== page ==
National Semiconductor (NYSE: NSM) is raising warning flags about the holiday shopping season.

How can a semiconductor maker possibly know anything about consumer trends? It's simple. Many of National's direct customers build consumer electronics, and fully 25% of the company's sales flow into mobile phones, so when those customers slow down their chip orders, there's something amiss in the consumer world; the gadgets just aren't selling. That's exactly what is happening right now, according to last night's second-quarter report.

That doesn't mean all doom and gloom for the handset market, of course. Two of National's three largest phone customers actually increased their orders in the second quarter, much like National had expected.

Mum's the word on the identities of those two healthy phone businesses and the rotten major player, of course. National's disclosed customer list includes everyone from Apple (Nasdaq: AAPL) to Nokia (NYSE: NOK) to Motorola (NYSE: MOT), as well as less-expected names like Samsung, which also makes some of its own chips. We've seen no sign of a sales slowdown out of Cupertino, so I don't think Apple would be the bad egg in National's basket. Nokia might qualify on shrinking global market share, and we don't know whether Motorola's latest batch of Android phones has lived up to the success of the first generation. Your guess is as good as mine here.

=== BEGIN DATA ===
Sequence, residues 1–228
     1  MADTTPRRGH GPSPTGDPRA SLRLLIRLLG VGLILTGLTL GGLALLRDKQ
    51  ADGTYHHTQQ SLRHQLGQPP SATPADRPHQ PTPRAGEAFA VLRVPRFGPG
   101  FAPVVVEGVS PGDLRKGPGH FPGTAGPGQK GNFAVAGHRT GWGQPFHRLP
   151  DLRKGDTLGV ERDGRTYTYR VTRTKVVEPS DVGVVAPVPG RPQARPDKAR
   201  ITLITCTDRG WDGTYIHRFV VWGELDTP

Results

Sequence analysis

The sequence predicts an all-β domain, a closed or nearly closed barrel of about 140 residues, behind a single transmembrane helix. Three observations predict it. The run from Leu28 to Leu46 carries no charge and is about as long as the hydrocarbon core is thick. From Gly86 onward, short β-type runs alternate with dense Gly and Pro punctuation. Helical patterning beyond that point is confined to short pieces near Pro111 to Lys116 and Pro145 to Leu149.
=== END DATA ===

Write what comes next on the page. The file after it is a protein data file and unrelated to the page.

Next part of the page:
What's clear is that handset demand ain't what you'd expect in advance of a holiday quarter. Some phone builders are working through existing inventories at the moment, according to National. Others have moved major product launches into future quarters. In some cases, slow orders stem from "shortages in display availability," which is almost certainly a comment directed at notoriously low OLED screen supplies until Samsung and LG Display (NYSE: LPL) can get their new factories up and running.

These trends limited National's sales to $390 million, 5% below the previous quarter. Earnings shrank from $0.36 per share last quarter to $0.34 this time, though that's still a hefty improvement over the year-ago period's $0.20 profit per share. Perhaps most ominously for the company, orders dropped 24% from last quarter.

National's stock is suffering today because of all of these warning signs and slower-than-expected results. Do you see a value play or a failing business? For what it's worth, I'm sticking with my "outperform" CAPS rating on the stock. Feel free to discuss in the comments below.

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